The table also contains identifiers 530 of actions (that must be performed as a result of a user selecting the selectable item) such as executing programs 531 such as phone or mail programs. The programs may take as input certain input parameters 540 which may be also specified in the table 500. Thus, for example, a user writing the word “call” 511 on writing surface 190 and circling it with a “circle” 521 many cause system 192 to dial a certain phone number on a modem 102 by executing a phone program 531 with parameters 541 such as a phone number or friend's name 285. These parameters may be specified by nearby text 285 (See FIG. 2) as explained in step 367 of flow chart 400.
If multiple functions are specified, as discussed in the explanation of step 350, by grouping 289 multiple selectable items, then the appropriate programs 531 may be executed in sequence or in parallel.
There are many applications for selectable items in addition to those discussed. For example, they may be used to activate personal information management tools (address books, to-do lists, calendars) with various parameters. They may be used to select and create calculators, clocks, text-editor options, shortcuts to web sites, etc. In three-dimensional (e.g. virtual reality) GUI, environments, users may draw on 3-D surfaces.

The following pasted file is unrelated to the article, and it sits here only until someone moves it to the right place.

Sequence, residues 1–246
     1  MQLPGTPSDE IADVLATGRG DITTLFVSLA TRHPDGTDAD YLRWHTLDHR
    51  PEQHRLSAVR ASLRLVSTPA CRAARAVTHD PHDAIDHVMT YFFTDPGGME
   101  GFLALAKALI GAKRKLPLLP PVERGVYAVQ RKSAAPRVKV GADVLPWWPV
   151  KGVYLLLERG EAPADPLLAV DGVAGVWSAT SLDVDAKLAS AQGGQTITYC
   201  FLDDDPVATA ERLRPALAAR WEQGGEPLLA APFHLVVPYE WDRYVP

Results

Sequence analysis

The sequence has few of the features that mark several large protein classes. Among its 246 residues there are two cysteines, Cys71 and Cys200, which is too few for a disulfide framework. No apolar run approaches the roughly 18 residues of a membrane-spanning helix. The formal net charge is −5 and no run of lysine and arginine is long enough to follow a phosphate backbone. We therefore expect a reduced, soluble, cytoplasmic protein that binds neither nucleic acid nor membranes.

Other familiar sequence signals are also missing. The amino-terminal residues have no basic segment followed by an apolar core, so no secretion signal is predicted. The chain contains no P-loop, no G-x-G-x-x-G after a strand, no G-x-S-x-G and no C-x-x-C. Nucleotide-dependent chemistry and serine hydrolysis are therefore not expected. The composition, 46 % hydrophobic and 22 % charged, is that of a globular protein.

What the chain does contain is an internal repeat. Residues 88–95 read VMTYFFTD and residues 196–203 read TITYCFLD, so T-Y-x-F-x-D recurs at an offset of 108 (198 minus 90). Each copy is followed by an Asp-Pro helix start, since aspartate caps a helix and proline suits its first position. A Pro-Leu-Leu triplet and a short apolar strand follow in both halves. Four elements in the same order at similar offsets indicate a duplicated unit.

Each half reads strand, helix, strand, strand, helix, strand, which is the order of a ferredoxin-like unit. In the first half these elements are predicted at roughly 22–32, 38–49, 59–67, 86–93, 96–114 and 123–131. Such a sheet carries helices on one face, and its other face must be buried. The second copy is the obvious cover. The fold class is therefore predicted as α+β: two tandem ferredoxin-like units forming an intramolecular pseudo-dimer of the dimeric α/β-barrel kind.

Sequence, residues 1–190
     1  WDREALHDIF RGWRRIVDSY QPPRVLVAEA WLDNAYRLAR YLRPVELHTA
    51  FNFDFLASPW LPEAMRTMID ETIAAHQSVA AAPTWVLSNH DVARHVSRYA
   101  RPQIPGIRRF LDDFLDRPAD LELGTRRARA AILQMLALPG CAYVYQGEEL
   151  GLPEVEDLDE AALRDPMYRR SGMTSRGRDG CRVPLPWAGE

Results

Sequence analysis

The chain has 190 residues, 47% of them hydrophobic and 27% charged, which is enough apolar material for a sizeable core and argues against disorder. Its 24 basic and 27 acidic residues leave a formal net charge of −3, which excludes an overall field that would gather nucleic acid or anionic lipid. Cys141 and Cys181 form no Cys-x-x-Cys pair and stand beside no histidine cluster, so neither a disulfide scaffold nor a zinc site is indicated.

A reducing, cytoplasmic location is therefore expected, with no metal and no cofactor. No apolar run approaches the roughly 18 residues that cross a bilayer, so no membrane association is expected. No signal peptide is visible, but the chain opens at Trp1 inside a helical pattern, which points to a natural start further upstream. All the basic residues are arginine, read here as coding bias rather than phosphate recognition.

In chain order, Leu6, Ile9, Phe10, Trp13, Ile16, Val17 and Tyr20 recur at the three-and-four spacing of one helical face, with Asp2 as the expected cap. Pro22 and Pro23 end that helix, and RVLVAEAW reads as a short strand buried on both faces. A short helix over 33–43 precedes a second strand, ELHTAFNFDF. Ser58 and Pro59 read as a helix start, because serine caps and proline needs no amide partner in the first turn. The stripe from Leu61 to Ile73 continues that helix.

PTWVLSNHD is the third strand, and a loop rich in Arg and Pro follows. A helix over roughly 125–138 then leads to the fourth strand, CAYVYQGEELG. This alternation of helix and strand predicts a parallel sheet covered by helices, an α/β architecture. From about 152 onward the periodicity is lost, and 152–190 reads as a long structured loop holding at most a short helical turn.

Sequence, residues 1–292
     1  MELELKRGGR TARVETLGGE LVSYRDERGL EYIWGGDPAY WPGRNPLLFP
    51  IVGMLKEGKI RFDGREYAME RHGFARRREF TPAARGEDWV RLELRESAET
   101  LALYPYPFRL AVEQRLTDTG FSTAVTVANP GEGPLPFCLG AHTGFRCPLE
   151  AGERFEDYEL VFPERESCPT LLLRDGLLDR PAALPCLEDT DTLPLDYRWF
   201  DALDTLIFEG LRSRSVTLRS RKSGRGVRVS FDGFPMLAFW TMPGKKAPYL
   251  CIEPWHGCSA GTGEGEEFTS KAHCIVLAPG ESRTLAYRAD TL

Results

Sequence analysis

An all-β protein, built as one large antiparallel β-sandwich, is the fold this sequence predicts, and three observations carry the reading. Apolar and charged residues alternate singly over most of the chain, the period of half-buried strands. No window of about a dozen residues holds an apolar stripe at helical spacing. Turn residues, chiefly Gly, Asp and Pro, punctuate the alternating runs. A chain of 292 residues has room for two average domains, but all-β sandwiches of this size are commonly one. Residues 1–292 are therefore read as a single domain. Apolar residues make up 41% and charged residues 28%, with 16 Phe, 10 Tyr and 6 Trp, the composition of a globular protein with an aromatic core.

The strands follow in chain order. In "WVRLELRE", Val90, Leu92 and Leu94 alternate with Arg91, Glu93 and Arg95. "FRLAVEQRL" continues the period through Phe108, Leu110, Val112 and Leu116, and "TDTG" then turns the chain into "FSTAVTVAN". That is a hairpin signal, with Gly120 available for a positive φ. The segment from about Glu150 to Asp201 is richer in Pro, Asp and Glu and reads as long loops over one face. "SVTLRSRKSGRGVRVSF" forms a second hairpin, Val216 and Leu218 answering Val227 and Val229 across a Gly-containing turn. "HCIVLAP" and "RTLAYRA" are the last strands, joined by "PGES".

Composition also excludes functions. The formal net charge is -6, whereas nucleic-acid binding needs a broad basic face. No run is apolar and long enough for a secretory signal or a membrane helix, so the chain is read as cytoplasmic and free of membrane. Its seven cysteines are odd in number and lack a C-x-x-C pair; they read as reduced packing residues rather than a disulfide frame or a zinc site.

Given this disclosure alternative equivalent embodiments would become apparent to one skilled in the art. These embodiments are also within the contemplation of the inventors.
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|U.S. Classification||715/863, 715/826|
|May 28, 1999||AS||Assignment|
Owner name: INTERNATIONAL BUSINESS MACHINES CORPORATION, NEW Y
Free format text: ASSIGNMENT OF ASSIGNORS INTEREST;ASSIGNORS:DOVAL, DIEGO;KWOK, THOMAS Y.;OCHELTREE, KENNETH B.;AND OTHERS;REEL/FRAME:010015/0206;SIGNING DATES FROM 19990525 TO 19990528